Most of the animals treated were elderly or would have health problems of some sort: almost all donkeys over a few years’ old have problems with their teeth stemming largely from living out their lives in, what is to them, an unnatural environment, eating soft rich grass instead of the dry, tough, fibrous fodder of their indigenous semi-desert areas of Africa and Asia.

The problems are many and varied and almost all can be corrected quite easily by a qualified equine dentist. Older animals commonly starve to death simply because their teeth need treatment.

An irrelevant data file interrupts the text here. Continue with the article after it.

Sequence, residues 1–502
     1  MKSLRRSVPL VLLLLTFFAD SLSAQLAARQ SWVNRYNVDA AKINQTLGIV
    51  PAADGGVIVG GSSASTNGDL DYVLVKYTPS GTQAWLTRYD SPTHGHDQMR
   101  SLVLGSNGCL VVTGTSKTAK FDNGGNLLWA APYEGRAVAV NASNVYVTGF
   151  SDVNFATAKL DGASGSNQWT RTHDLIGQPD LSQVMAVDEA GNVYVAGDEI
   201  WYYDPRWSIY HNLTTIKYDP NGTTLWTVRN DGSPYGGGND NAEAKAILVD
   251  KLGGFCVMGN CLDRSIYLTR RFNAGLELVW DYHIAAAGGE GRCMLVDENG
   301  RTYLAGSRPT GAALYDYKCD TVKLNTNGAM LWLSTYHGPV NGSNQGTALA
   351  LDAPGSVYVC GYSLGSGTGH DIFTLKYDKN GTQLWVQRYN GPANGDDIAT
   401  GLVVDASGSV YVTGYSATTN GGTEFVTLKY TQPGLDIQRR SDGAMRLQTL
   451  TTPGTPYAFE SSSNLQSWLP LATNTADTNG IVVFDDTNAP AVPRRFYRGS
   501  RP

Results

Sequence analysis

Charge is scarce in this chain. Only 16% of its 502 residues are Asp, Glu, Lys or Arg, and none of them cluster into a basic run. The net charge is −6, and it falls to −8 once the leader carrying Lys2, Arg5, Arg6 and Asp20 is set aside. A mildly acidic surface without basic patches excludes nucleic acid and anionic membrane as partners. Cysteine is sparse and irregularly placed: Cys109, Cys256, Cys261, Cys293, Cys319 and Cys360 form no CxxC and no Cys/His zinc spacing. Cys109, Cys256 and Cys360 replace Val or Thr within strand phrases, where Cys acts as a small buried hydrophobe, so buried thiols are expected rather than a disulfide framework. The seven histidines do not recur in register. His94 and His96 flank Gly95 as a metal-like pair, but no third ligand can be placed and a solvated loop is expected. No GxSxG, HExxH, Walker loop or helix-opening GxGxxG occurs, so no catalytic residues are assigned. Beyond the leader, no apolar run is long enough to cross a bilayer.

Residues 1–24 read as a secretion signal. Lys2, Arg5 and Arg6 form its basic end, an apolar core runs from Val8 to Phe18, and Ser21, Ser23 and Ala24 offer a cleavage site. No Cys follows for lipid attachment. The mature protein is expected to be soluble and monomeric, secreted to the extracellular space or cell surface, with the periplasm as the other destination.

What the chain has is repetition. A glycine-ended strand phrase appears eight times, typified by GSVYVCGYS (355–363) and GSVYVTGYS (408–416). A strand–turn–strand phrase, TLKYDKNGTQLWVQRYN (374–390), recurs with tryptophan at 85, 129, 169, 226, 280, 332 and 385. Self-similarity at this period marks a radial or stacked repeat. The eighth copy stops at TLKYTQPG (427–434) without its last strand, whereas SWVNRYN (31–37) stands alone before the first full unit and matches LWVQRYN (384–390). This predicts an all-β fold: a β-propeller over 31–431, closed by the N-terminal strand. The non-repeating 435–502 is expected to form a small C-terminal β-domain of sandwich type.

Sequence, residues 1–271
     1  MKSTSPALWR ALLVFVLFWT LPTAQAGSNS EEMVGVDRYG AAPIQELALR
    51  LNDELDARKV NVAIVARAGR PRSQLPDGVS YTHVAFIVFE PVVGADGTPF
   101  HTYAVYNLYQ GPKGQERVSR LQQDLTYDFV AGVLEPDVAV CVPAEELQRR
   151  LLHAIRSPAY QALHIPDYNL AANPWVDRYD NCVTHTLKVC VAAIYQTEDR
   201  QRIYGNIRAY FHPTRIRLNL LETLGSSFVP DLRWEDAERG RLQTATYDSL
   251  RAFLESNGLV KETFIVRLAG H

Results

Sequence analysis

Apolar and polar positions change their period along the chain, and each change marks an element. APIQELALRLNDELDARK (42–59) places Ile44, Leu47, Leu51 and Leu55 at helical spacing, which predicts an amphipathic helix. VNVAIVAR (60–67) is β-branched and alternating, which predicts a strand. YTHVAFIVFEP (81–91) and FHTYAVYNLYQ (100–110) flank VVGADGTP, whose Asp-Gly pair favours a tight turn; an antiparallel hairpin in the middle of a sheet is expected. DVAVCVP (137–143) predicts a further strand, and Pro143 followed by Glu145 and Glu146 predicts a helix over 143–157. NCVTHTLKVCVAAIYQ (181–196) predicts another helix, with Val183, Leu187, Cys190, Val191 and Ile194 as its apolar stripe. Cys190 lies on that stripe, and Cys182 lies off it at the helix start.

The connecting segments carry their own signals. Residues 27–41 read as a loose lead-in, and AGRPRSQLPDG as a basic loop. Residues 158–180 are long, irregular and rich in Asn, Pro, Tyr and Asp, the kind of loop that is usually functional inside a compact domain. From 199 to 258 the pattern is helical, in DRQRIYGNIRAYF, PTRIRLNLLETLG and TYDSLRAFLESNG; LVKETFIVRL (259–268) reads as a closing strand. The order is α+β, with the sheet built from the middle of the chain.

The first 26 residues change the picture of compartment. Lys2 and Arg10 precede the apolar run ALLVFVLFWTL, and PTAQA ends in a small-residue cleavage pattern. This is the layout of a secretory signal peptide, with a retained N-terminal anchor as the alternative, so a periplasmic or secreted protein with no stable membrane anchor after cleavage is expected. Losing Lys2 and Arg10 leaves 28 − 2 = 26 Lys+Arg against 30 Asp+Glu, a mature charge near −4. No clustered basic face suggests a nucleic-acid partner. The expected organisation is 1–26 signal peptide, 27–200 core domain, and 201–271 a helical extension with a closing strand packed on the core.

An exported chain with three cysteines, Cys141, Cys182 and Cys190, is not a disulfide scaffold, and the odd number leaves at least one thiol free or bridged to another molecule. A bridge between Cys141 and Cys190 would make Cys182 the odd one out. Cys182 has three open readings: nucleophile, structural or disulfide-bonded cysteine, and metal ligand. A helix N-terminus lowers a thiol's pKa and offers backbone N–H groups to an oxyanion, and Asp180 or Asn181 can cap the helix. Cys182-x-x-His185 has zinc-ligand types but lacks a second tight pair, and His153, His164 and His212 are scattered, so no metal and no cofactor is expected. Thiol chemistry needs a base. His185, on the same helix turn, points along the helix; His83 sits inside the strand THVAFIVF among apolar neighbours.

The most usual problem is caused through general wear and tear which results in razor sharp edges on the sides of the molars. This results in lacerations to the insides of the cheeks when the animal chews, causing pain and abcesses. Occasionally uneven growth of teeth causes the jaw to lock, disallowing the necessary sideways movement needed to properly chew the food and resulting in spillage and “quidding”. A lost tooth allows its opposite member to grow to excessive lengths as it has no grinding surface on which to wear down (donkeys’ teeth continue to grow until they are about 25 years, when the top teeth start to wear back); in extreme cases the overgrown tooth will pierce the opposite gum making eating impossibly painful. Build up of tartar on the teeth causes inflammation of the gums, abcesses and pain.